This timely investigation reveals how sustained tight labor markets improve the job prospects and life chances of America’s most vulnerable households
Most research on poverty focuses on the damage caused by persistent unemployment. But what happens when jobs are plentiful and workers are hard to come by? Moving the Needle examines how very low unemployment boosts wages at the bottom, improves benefits, lengthens job ladders, and pulls the unemployed into a booming job market.
Drawing on over seventy years of quantitative data, as well as interviews with employers, jobseekers, and longtime residents of poor neighborhoods, Katherine S. Newman and Elisabeth S. Jacobs investigate the most durable positive consequences of tight labor markets. They also consider the downside of overheated economies that can ignite surging rents and spur outmigration. Moving the Needle is an urgent and original call to implement policies that will maintain the current momentum and prepare for potential slowdowns that may lie ahead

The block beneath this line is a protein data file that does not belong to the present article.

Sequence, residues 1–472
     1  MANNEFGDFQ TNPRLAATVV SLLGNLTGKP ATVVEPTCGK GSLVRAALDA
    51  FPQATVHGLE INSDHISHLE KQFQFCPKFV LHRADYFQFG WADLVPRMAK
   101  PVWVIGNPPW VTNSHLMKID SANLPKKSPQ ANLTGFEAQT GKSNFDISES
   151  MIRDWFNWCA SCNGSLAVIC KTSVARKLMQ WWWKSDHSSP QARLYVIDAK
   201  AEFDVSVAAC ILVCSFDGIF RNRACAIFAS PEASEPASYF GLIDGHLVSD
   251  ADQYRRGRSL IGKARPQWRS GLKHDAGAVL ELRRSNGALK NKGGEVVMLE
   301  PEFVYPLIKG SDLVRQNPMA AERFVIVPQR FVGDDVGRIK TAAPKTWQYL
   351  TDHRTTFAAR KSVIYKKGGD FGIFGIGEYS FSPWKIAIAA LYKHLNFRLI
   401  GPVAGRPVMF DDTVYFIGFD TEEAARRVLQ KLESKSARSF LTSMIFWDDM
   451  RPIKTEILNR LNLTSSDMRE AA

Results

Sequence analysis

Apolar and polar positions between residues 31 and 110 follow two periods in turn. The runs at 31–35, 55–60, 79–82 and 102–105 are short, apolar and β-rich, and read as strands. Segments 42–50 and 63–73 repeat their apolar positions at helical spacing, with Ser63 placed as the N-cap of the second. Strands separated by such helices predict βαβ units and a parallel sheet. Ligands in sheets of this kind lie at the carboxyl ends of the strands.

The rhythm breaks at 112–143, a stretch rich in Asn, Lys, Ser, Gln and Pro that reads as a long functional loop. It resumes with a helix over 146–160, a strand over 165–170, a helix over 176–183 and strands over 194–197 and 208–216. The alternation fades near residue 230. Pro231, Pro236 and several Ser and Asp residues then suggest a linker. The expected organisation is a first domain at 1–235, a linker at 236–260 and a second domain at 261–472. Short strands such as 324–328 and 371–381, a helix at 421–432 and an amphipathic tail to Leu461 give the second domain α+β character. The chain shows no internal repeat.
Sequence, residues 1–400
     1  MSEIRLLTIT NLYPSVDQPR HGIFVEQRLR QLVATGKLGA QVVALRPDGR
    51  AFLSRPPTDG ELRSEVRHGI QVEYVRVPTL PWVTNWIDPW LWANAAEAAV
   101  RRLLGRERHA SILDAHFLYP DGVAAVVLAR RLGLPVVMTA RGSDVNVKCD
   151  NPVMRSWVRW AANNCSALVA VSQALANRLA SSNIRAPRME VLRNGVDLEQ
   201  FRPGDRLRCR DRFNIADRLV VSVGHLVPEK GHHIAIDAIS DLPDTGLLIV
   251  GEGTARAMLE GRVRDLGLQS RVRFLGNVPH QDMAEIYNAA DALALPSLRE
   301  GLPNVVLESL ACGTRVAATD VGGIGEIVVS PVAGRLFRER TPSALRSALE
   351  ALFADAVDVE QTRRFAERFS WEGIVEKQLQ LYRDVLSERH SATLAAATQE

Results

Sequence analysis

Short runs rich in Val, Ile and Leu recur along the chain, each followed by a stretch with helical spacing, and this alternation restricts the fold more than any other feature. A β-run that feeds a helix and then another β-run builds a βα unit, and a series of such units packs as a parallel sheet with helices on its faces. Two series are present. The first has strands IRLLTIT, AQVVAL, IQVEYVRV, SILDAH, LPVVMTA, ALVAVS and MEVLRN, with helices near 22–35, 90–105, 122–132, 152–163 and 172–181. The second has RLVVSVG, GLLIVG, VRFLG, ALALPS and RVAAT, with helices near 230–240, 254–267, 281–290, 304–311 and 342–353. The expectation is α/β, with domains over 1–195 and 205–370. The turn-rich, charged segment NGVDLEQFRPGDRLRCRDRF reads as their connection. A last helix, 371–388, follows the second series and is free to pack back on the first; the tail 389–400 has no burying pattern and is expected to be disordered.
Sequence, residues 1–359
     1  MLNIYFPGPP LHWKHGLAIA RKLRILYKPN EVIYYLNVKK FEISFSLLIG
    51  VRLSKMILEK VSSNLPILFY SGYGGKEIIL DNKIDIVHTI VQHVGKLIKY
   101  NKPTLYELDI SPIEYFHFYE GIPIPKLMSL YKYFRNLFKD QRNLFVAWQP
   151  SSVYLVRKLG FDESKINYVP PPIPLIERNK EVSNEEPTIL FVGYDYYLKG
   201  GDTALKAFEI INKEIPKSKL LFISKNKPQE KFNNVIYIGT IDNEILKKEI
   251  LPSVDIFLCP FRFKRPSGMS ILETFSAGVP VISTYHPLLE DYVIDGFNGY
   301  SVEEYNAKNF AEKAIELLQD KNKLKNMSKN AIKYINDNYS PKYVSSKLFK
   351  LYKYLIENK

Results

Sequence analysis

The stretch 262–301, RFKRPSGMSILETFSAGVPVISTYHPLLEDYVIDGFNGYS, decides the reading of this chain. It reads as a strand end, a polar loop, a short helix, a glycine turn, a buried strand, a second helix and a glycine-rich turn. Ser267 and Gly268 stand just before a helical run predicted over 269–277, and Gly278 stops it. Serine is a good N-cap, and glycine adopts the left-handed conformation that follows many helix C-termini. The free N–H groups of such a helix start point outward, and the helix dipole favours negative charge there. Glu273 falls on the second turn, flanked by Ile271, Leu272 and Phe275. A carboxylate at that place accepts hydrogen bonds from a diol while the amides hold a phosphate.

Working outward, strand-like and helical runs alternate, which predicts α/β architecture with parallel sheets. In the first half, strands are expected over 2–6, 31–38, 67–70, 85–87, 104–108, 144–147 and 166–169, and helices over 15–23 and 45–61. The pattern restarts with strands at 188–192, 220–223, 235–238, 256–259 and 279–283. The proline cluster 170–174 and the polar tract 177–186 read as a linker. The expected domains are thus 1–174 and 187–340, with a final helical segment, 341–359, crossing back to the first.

About the Author
Katherine S. Newman is Provost and Executive Vice President of Academic Affairs at the University of California. She is author of fourteen books on topics including the working poor, social mobility, apprenticeship, the impact of regressive taxation, and downward mobility.
Elisabeth S. Jacobs is Senior Fellow at the Urban Institute and cofounder of WorkRise, a research-to-action network on jobs, workers, and mobility, for which she serves as deputy director. She has worked at the intersection of cutting-edge social science and public policy for nearly two decades.
Praise for Moving the Needle: What Tight Labor Markets Do for the Poor
"Astute and timely . . . . This is a valuable resource for activists, scholars, and policymakers on the front lines of the battle to end poverty."
— Publishers Weekly